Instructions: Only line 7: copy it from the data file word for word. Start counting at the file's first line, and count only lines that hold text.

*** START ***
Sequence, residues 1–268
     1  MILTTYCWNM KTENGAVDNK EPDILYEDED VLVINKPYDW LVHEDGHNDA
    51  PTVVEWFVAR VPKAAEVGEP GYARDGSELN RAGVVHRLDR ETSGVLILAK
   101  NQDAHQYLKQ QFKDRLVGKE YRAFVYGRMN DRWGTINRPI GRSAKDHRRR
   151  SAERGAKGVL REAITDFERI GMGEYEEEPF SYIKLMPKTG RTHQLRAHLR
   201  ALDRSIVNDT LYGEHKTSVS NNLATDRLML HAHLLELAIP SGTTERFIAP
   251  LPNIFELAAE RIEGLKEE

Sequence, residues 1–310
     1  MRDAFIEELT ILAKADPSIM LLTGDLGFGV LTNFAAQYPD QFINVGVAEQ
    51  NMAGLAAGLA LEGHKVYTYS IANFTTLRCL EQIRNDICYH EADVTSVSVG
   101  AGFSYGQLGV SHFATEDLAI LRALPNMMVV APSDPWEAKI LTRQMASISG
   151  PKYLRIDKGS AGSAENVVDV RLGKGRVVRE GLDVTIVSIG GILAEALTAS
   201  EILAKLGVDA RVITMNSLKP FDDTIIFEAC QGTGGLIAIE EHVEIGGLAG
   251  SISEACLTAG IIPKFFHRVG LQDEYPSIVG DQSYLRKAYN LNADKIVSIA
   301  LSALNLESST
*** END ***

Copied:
   251  LPNIFELAAE RIEGLKEE